1. Sleep onset, time before any sleep stage was reached after lights out. TST, total sleep time; SWS, slow-wave sleep; REM, rapid eye movement sleep; Sleep Disturbance Scale for Children, total score ≥70 significant (bold type); DIMS, disorders of initiating and maintaining sleep (maximum score 26, significant >17); SWTD, sleep–wake transition disorders (maximum score >21, significant >14); DOES, disorders of excessive somnolence (maximum score 20, significant >13); SBD, sleep breathing disorders (maximum score 15, significant >7).

125.8180.5 (40.4)214.5 (48)39.543.5 (9.7)759.356 (DIMS 23, SWTD 12, DOES 8)
241.3479.5 (86.7)68.0 (12.3)No REMNo REM2678 71 (DIMS 17, SWTD 22, DOES 17)
35133.3209.0 (44)167.0 (35.5)150.581.0 (17.2)106260 (DIMS 18, SWTD 15, SBD 10)
41514.8315.5 (52.9)117.5 (19.7)136.5109.0 (18.3)528338 (DIMS 14, SWTD 6, DOES 10)

During sleep, only the youngest child (patient 1, AHI 4.9/h) has some obstructive apnoeas (oAHI 0.5/h) not clinically relevant, and some central apnoeas (cAHI 3.4/h). Some of these central apnoeas occurred during REM sleep and were considered physiological. In the awake state, central apnoeas were more prominently present in two of the four patients (cAHI 28/h and 41/h respectively), and most frequent in the youngest child (patient 1). The mean duration of these central apnoeas was longer in the oldest child (patient 4), with a mean of 10.9 seconds (compared with patient 2 with a mean of 7.1s); the longest central apnoea in patient 4 lasted for 38 seconds. The PSGs showed that a period of agitation, increase of hand stereotypies, and hyperventilation preceding the apnoeas (Fig. 1). Unfortunately transcutaneous pCO2 measurements were successfully performed in only one child (patient 2).

image

Figure 1.  A 3-minute polysomnographic recording at night, during the awake state. Eye movements (electro-oculograpjy [EOG]; channel 1), muscle activity on the chin (electromyography [EMG]; channel 2), and video-electroencephalography (EEG; channel 3) confirm that this female child is awake. Simultaneous with stereotypic hand movements and agitation, central apnoeas (duration 7–16.23s) occur. 1, EOG (eye movements); 2, EMG at the chin; 3, EEG (six channels); owing to muscle artefacts, for better visualization three left-side channels are shown; 4, EMG for detecting movement of the legs; 5, nasal pressure (nasal air flow [pressure measurements between inspiration and expiration]); 6, thermistor (air flow [temperature measurements between inspiration and expiration]); 7, Flow_Cu (computer calculation of signals 5, 6, 8 to detect flattening of airflow); 8 (top), thorax movements; 8 (bottom), abdominal movements; 9, pulse (heart frequency/min); 10, SpO2 (oxygen saturation).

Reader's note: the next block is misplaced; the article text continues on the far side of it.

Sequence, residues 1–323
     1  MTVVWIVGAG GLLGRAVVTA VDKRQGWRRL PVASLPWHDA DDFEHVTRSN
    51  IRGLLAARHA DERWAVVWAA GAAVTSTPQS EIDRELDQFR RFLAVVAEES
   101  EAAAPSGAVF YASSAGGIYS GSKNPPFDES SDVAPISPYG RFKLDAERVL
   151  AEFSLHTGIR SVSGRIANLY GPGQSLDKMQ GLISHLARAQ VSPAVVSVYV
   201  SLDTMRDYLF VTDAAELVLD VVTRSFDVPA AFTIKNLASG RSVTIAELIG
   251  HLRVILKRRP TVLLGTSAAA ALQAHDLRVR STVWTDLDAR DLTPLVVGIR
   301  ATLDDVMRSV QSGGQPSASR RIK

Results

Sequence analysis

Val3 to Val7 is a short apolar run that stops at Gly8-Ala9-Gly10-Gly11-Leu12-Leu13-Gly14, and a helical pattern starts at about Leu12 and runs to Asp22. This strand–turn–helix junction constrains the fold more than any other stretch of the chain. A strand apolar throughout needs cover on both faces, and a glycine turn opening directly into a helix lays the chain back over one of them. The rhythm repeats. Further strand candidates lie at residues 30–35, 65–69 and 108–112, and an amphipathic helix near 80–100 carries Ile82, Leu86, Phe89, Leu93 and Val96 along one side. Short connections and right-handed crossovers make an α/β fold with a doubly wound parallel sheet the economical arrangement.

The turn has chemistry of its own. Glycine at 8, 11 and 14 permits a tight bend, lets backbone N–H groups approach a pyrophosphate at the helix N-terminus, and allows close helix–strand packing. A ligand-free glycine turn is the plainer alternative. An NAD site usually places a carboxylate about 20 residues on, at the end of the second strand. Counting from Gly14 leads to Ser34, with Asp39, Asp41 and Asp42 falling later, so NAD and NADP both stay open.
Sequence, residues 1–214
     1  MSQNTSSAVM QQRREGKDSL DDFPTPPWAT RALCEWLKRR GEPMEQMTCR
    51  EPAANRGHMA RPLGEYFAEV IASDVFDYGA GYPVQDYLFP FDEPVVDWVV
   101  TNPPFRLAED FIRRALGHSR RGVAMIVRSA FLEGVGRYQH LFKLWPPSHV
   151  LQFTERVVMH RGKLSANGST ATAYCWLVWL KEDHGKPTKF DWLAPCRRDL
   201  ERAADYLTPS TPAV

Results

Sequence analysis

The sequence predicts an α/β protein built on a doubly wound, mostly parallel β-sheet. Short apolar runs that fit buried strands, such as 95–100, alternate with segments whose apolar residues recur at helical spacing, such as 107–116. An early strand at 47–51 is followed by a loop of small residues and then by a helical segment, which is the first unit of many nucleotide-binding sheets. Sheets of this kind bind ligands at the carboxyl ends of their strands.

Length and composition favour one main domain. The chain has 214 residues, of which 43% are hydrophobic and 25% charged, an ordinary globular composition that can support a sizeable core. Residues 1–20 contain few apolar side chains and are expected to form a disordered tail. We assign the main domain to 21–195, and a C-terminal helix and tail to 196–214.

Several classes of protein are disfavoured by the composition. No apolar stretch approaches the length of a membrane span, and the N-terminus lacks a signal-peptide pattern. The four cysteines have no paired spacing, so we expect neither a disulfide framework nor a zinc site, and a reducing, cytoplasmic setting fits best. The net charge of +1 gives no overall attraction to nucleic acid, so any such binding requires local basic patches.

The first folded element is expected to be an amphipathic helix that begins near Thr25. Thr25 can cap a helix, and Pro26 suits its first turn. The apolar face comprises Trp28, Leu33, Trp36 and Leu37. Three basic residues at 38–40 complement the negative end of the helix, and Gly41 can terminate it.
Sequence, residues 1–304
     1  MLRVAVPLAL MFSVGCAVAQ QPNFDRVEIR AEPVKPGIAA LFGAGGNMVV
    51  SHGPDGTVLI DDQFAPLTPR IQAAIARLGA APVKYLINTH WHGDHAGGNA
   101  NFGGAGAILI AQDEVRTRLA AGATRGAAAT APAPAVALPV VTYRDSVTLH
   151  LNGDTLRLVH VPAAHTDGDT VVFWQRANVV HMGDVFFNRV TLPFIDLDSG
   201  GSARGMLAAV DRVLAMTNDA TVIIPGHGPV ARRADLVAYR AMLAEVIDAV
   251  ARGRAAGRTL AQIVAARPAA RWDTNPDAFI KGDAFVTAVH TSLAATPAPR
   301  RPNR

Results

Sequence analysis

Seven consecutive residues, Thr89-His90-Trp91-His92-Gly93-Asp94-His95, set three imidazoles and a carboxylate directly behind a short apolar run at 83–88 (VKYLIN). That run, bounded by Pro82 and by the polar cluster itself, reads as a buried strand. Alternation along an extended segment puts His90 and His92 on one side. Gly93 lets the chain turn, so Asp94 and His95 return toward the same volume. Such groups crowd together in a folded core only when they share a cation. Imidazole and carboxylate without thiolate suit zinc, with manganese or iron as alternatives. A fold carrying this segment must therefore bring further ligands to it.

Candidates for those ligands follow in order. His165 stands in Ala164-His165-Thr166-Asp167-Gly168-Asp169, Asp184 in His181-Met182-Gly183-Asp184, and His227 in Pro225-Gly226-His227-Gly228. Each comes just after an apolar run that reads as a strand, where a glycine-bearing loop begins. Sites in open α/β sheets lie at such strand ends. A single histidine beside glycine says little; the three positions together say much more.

Download figure to PowerPoint

Discussion

  1. Top of page
  2. Abstract
  3. What this paper adds
  4. Method
  5. Results
  6. Discussion
  7. References

In two of our four patients with CDKL5 mutations, respiratory disturbances (all of the central type) were present during the awake state and were preceded by frequent episodic hyperventilation (cAHI 28 and cAHI 41 respectively). Although formal pCO2 measurements failed in three of the four patients, we postulate that these apnoeas were probably of the hypocapnic type and indicate failure of the respiratory feedback loop and central regulatory nuclei in the brainstem.